Exhibits: Walk-in Aviary
Cardinals, Gambel's quail, ducks, doves, and nearly 40 other species of native birds live together in the museum's walk-in aviary. Larger birds await a spacious new home, but in the meantime you can still get an intimate view of majestic raptors, jays, and parrots between the Cactus Garden and the Riparian Corridor.
Around 20 species of birds can be seen in the walk-in aviary at any one time.
Active and inquisitive little brown birds, wrens spend their days snooping about, peering into shadows, prying with their thin bills, seeking the insects on which they feed. Often hard to see, they are easy to hear. Male wrens are inveterate singers. They are also industrious nest-builders: in some wren species, the male may build several dummy nests before the female chooses one, adds a soft lining to it, and lays her eggs there.
While most wrens are small, plain, secretive, musical, and solitary, the best-known wren in the Sonoran Desert breaks all those rules. Pairs or family groups of Cactus Wrens, strikingly spotted and striped, go clambering and scrambling about in the open, calling in rough scratchy voices from high perches, boldly peering in the windows of houses on the desert's edge. Its brash behavior earns the Cactus Wren the admiration of its human neighbors and it has been selected as Arizona's official State Bird.
We expect woodpeckers to be in the woods, so it may seem surprising that some are conspicuous in the desert. But for Gila Woodpeckers, saguaros serve in place of trees: these woodpeckers go hitching their way up the sides of the giant cactus, and give voice to strident calls when they reach the top. The holes that they excavate for nesting siteswhich may riddle the arms of some ancient saguarosremain to serve as natural birdhouses for a variety of other birds.
Most woodpecker species feed mainly on insects, seeking them out among the irregularities of tree bark. In the desert, these birds must be more resourceful. Gila Woodpeckers eat cactus fruits, mistletoe berries, and many other items in addition to insects. Highly adaptable, they make themselves at home in southwestern U.S. cities, where they will visit hummingbird feeders and steal dog food from back porches. (They also make themselves unpopular at dawn by hammering out brash wake-up calls on metal pipes and other echoing objects.)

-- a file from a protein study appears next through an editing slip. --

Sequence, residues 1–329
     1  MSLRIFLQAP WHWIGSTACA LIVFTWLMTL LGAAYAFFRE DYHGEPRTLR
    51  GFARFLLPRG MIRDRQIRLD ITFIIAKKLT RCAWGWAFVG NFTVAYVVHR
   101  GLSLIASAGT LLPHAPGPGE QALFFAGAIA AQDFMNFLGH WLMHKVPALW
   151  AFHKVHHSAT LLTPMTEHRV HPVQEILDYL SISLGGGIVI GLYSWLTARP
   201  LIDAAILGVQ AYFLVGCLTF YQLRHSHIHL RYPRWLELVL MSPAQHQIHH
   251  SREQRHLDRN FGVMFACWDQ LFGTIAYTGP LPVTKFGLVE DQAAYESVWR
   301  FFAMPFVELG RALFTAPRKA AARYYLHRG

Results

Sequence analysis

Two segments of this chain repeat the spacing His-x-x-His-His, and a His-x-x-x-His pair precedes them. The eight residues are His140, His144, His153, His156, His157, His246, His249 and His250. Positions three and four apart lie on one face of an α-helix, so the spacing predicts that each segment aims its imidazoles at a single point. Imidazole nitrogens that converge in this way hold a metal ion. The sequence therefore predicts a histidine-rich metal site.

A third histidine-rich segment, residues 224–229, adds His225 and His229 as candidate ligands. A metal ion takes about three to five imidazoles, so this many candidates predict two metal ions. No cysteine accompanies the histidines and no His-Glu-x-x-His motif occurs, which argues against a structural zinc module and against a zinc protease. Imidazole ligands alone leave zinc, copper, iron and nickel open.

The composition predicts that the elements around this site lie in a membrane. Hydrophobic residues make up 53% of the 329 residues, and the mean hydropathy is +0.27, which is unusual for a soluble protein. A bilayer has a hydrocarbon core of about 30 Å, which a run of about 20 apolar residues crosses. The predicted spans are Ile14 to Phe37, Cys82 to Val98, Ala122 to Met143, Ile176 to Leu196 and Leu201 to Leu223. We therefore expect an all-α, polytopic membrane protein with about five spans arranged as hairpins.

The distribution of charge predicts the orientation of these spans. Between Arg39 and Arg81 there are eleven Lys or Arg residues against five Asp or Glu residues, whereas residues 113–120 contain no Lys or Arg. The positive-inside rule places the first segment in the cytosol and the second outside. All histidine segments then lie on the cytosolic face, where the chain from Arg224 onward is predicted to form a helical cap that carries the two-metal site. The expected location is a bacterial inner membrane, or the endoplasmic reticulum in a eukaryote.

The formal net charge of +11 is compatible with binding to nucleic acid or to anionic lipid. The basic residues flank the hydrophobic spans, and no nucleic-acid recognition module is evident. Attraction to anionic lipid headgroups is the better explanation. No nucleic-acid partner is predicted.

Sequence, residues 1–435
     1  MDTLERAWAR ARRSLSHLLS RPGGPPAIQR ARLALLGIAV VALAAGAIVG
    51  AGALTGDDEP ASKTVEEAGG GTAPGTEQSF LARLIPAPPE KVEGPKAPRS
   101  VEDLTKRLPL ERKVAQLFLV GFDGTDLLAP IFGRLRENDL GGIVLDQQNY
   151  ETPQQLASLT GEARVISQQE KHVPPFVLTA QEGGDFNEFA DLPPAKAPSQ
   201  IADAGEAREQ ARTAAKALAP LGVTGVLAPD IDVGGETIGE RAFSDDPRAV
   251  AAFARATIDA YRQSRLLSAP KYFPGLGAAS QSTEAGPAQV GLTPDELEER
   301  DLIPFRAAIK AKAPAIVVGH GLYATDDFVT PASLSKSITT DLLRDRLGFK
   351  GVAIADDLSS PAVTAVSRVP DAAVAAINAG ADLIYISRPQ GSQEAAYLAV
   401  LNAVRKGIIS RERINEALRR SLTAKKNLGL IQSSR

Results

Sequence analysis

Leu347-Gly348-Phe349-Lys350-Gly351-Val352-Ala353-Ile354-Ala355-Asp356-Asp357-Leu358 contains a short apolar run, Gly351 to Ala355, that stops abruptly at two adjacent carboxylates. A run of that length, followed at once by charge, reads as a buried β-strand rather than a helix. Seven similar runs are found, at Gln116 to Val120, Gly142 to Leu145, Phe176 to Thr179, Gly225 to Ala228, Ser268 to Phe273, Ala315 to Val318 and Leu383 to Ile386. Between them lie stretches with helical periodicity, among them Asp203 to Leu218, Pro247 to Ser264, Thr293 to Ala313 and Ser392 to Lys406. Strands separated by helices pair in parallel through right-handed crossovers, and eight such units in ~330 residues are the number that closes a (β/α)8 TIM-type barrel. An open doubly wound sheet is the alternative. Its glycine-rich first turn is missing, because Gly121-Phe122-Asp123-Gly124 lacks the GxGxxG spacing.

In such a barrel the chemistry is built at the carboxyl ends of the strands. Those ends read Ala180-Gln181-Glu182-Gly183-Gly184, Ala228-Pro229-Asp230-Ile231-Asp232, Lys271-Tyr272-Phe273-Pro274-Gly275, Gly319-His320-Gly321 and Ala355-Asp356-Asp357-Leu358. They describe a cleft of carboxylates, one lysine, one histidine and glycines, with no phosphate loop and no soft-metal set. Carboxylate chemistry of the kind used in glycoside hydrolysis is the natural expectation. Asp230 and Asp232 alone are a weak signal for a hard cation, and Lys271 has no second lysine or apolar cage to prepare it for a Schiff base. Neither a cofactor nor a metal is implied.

Traveling naturalists, accustomed to the secretive nature of quail in other habitats, are often startled to see how conspicuous Gambels Quail can be in the Sonoran Desert.
Quail in general are plump birds, rather poor fliers, that spend almost all their time on the ground. Thus they have good reason to make themselves unobtrusive, to avoid drawing the notice of predators. Gambels Quail are probably no less vulnerable (or tasty) than the other species, yet they behave in ways that call attention to themselves. The males call loudly from low perches; family groups go parading across the flats; coveys of two dozen or more run about clucking in the open. In the sparse plant growth of the desert, it would be impossible for Gambels Quail to be as secretive as their relatives that live in denser cover, so perhaps shy behavior would be a non-adaptive waste of energy.
At one time, south-central Arizona had another common type of quail: the Masked Bobwhite. Unfortunately, it required not just desert, but lush desert grassland. Large herds of cattle, brought into this region before the principles of range management were well understood, eliminated most of the grasses; when the grass disappeared, so did the Masked Bobwhites. There are still captive flocks, raised from birds found in Sonora, but conservationists have faced major difficulties in trying to reintroduce these birds to the wild.
The most famous bird in the Sonoran Desert, without a doubt, the Roadrunner is also the most fictionalized in popular imagination. Cowboys used to tell tall tales about how Roadrunners would seek out rattlesnakes to pick fights, or would find sleeping rattlers and build fences of cactus joints around them. A later generation of Americans grew up thinking that Roadrunners were purple and cried beep beep as they sped about.
Even without such stretches or inventions, the real Roadrunner is impressive. Running in the open (and not just on roads), it reaches fifteen miles per hour. It can fly, but usually doesnt. Often it seems curiously unafraid of humans. Trotting up close to peer at us, raising and lowering its mop of a shaggy crest, flipping its long tail about expressively, it looks undeniably zany. It comes as no surprise to learn that the Roadrunner is a member of the cuckoo family.
Clownlike it may appear to human eyes, but the Roadrunner is a very effective predator. Its speed on foot is not just for show: it captures not only snakes and large insects, but also fast-running lizards, rodents, and various small birds. Gambels Quail may pay scant attention to the Roadrunner at most seasons, but they react to it violently when they have small young, and with good reason: given an opportunity, the Roadrunner will streak in to grab a bite-sized baby quail.